please see the National Weather Service Storm Surge Watch/Warning
Graphic at hurricanes.gov.  This is a life-threatening situation.
Persons located within these areas should take all necessary
actions to protect life and property from rising water and the
potential for other dangerous conditions. Promptly follow
evacuation and other instructions from local officials.
 
A Storm Surge Watch means there is a possibility of life-
threatening inundation, from rising water moving inland from the
coastline.
 
A Hurricane Warning means that hurricane conditions are expected
somewhere within the warning area.
 
A Tropical Storm Warning means that tropical storm conditions are
expected somewhere within the warning area, generally within 36
hours.
 
A Tropical Storm Watch means that tropical storm conditions are
possible within the watch area, generally within 48 hours.
 
For storm information specific to your area, including possible
inland watches and warnings, please monitor products issued by your
local National Weather Service forecast office.
 
 
DISCUSSION AND OUTLOOK
----------------------
At 500 PM EDT (2100 UTC), the center of Tropical Storm Isaias was 
located by NOAA Doppler weather radars near latitude 32.0 North, 
longitude 79.4 West. Isaias is moving toward the north-northeast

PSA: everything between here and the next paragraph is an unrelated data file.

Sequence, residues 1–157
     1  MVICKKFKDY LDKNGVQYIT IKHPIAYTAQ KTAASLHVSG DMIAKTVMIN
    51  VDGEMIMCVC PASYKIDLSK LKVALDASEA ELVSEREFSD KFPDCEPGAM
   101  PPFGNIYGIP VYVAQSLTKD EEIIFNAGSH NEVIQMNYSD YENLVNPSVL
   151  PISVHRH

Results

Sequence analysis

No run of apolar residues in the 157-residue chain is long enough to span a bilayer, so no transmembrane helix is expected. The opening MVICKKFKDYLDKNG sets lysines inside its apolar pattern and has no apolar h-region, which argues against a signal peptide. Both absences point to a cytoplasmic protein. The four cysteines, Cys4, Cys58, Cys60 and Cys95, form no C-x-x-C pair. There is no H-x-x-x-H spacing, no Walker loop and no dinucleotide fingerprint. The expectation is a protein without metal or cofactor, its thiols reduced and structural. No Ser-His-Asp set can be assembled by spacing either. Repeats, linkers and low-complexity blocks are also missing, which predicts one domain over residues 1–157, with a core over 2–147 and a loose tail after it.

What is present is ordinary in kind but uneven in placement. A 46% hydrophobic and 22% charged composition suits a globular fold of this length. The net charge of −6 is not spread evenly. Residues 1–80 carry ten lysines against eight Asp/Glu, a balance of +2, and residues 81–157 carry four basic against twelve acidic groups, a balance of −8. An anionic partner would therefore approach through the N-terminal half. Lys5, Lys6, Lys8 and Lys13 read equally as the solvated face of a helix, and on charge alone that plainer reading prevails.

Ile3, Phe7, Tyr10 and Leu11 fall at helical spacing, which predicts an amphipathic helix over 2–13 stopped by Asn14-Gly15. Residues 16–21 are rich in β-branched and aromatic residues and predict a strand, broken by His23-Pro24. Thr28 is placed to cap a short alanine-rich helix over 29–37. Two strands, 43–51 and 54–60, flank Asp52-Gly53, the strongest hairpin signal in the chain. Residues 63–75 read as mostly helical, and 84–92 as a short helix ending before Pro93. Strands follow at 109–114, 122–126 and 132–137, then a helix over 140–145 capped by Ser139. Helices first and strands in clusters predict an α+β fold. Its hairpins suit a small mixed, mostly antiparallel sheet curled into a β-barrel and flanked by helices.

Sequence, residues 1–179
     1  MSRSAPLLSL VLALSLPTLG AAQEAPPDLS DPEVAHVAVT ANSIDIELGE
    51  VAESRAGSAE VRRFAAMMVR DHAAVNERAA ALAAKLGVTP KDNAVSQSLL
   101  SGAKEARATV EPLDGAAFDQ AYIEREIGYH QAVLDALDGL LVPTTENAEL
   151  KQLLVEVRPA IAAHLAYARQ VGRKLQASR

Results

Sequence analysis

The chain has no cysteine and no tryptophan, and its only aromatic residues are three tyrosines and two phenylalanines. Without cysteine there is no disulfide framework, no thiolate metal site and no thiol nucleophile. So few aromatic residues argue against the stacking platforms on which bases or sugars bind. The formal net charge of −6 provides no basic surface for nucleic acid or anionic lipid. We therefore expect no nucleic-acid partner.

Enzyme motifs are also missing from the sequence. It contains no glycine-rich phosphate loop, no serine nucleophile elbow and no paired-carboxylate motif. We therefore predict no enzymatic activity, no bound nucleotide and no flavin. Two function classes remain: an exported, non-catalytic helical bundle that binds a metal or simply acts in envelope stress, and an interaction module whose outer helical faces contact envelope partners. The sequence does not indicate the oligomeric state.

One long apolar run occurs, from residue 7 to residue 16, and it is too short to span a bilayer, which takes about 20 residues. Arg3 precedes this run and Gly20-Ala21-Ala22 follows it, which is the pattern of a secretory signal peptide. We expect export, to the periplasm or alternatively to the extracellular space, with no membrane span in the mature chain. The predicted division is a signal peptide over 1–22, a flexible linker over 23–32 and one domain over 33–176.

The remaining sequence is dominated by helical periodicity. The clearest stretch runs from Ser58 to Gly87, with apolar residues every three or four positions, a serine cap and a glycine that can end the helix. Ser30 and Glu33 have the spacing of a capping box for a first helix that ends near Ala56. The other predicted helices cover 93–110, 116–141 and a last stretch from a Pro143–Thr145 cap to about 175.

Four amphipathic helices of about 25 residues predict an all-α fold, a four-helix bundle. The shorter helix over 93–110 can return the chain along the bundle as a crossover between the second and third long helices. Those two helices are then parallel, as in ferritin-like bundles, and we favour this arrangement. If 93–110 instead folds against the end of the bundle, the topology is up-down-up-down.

near 16 mph (26 km/h), and this general motion accompanied by a 
gradual increase in forward speed is expected through tonight 
followed by a further increase in the forward speed on Tuesday.  On 
the forecast track, the center of Isaias will approach the coasts of 
northeastern South Carolina and southern North Carolina within the 
hurricane warning area this evening.  The center will then move 
inland across eastern North Carolina early Tuesday morning, move 
along the coast of the mid-Atlantic states on Tuesday, and continue 
across the northeastern United States Tuesday night.
 
Data from NOAA Doppler weather radars indicate that maximum 
sustained winds are near 70 mph (110 km/h) with higher gusts.  Some 
strengthening is forecast later this afternoon or early evening, and 
Isaias is expected to make landfall tonight at or near hurricane